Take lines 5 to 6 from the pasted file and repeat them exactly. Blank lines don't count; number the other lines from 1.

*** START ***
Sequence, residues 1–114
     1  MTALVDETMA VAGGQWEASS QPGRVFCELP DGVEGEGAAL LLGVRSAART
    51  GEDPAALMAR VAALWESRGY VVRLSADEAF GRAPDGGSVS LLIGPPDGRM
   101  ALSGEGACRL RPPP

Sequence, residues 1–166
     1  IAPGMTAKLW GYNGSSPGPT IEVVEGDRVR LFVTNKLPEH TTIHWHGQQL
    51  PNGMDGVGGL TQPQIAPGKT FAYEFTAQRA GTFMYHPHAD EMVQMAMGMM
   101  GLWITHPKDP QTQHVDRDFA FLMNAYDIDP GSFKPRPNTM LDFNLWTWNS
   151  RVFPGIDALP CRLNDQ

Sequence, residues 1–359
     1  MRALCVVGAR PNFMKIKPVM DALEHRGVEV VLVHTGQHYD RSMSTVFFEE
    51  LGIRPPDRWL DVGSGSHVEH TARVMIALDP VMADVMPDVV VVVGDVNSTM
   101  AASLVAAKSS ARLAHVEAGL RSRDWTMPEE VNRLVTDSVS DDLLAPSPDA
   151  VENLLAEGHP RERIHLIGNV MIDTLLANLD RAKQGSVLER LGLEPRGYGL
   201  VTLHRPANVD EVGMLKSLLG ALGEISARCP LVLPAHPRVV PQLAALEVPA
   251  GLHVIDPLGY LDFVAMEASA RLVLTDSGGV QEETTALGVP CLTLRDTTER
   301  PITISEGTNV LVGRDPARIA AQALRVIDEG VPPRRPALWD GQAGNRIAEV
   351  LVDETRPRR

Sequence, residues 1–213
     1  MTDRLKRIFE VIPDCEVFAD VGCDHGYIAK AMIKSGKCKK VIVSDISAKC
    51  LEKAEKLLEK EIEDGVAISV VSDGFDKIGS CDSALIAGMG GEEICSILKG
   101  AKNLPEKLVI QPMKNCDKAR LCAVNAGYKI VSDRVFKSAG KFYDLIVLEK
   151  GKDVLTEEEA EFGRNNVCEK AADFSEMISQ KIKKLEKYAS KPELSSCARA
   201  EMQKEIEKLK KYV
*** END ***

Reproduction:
Sequence, residues 1–166
     1  IAPGMTAKLW GYNGSSPGPT IEVVEGDRVR LFVTNKLPEH TTIHWHGQQL